I won’t lie. When I awoke one morning to a confusing and unfamiliar Snapchat, I was not pleased. But, to write this article, I had to spend a lot of time on the Snapchat website reminding myself what the app was like pre-update. And if people are already starting to forget what things were like before, they can’t be all that bad now.
By Elizabeth Lombardo 19'
Ask anybody over thirty, it seems, and they’ll tell you how bad screens are. The reasoning ranges from “They keep you up at night” to “They make your brain disintegrate,” but they all boil down to the same sentiment: “I used paper textbooks when I was a kid, and I turned out alright. So you should use paper textbooks too.” Here’s the thing: they’re actually right — paper textbooks are way better than digital — but for different reasons.
Your parents’ reasons aren’t necessarily wrong. Numerous studies have shown that reading eBooks late at night will not only keep you awake longer, but also worsen the quality of the sleep you do get. And yes, admit it or not, distractions are a thing. No matter how good you are at staying on task, there’s a definite chance of moving from eBook to Instagram — but it’s impossible to open up Snapchat on the inside cover of your Physics textbook.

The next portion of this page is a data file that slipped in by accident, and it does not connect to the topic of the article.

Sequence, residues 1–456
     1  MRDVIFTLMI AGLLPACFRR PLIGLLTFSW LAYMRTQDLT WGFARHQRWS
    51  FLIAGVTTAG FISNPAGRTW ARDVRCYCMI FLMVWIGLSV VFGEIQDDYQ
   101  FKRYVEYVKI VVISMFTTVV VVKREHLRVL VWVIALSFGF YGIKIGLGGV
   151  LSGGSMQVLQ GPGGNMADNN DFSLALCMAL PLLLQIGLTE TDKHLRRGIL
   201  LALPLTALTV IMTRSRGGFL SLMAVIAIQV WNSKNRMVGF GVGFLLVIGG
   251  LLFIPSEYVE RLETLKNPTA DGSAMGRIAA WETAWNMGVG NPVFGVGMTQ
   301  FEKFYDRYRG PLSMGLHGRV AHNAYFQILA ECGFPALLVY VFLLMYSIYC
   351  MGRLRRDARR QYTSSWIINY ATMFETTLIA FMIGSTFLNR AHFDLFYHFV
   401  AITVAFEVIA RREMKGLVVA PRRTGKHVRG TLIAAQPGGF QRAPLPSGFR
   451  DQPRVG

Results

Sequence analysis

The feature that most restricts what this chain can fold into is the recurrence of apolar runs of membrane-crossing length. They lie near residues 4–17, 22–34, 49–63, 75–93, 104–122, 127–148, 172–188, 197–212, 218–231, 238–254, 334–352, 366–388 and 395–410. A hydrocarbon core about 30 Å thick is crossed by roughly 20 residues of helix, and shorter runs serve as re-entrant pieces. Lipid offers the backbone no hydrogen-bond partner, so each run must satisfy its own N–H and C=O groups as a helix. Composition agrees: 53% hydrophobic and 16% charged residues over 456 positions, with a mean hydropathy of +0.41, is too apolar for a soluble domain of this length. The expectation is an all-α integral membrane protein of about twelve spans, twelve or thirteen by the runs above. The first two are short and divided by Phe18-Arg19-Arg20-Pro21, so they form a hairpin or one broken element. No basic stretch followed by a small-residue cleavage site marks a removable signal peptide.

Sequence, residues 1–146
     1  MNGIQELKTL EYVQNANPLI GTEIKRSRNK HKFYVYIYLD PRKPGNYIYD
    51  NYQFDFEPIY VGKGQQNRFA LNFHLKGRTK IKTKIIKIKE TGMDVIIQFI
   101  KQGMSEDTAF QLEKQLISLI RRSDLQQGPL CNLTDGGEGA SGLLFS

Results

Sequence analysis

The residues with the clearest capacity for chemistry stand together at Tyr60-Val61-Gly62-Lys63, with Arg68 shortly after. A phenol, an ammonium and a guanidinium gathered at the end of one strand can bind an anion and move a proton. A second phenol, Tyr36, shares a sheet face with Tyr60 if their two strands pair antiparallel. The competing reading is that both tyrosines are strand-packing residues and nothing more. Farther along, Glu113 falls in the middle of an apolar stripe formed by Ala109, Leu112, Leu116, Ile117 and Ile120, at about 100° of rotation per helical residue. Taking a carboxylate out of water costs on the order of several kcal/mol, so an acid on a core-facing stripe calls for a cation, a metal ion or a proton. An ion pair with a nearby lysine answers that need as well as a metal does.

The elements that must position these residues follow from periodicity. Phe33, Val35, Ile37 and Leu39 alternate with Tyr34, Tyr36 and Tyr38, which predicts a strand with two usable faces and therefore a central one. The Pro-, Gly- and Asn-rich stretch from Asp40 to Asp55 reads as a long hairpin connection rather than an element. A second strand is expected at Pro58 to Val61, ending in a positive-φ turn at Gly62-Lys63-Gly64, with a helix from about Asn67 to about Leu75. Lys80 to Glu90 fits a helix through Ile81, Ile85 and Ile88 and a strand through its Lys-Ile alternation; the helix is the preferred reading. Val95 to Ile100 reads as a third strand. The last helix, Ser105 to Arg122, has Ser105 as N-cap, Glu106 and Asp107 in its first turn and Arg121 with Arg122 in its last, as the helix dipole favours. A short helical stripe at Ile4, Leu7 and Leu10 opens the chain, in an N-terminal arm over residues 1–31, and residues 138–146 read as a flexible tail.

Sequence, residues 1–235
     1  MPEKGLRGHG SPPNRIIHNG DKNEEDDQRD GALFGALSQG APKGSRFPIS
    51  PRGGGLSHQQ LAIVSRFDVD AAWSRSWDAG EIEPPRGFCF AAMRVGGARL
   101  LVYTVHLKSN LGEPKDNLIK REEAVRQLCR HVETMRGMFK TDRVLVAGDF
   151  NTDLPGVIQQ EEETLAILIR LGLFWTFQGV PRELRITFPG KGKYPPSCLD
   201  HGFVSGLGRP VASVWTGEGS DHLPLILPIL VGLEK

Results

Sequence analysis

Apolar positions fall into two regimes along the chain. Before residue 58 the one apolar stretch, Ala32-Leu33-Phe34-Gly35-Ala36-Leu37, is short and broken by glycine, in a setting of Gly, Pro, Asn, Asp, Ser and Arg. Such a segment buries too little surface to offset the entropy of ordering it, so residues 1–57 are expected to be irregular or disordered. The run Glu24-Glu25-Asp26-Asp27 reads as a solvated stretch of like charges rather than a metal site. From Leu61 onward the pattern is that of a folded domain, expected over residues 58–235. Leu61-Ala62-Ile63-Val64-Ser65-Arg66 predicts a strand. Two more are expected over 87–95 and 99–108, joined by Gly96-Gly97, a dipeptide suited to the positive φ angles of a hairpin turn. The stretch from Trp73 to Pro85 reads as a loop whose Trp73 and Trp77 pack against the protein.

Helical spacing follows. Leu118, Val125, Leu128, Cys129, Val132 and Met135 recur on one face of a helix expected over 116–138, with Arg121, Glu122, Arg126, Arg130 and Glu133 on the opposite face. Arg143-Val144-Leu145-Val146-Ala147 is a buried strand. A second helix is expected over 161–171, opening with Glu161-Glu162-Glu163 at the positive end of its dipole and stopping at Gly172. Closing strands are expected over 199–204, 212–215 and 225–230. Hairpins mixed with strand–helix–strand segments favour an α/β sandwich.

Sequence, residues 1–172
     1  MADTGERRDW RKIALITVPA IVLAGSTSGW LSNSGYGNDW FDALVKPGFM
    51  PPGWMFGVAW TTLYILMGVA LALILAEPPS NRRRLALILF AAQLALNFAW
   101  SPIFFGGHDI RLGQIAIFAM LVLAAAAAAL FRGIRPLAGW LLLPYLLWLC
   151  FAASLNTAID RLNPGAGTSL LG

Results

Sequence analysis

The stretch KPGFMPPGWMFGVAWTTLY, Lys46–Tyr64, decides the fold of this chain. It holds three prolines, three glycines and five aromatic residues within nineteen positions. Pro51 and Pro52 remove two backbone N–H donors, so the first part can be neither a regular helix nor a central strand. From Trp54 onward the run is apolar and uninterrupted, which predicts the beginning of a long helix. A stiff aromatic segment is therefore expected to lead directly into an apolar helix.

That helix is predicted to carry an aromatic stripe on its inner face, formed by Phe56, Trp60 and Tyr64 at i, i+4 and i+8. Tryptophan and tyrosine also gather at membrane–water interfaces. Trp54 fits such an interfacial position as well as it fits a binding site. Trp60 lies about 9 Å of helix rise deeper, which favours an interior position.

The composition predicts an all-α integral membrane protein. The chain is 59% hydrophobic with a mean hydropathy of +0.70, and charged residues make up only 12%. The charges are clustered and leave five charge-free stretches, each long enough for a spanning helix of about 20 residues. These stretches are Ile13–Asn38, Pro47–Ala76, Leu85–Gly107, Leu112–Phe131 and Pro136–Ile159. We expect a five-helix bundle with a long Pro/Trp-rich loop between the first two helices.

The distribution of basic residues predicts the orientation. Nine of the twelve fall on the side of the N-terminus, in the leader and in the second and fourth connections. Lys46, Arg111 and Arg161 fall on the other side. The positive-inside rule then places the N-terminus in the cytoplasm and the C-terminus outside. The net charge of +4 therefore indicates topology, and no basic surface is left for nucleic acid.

An interesting study shows that students reading on an electronic format read significantly faster. Furthermore, they feel like they understood the material better. But they don’t. They read faster but comprehend less. It’s not because screens are worse, but because they’re different. Everything we do on screens, from Twitter to Facebook to Email to BuzzFeed, trains us to move quickly and superficially. And everything we read on paper we are conditioned to take notes on, to analyze, and to remember. Neither paper nor screen is better, but studies show that it is incredibly beneficial to separate that which we read slowly for absorption, and that which we read quickly for surface understanding — and, fortunately, I doubt that Twitter and Buzzfeed will move to paper.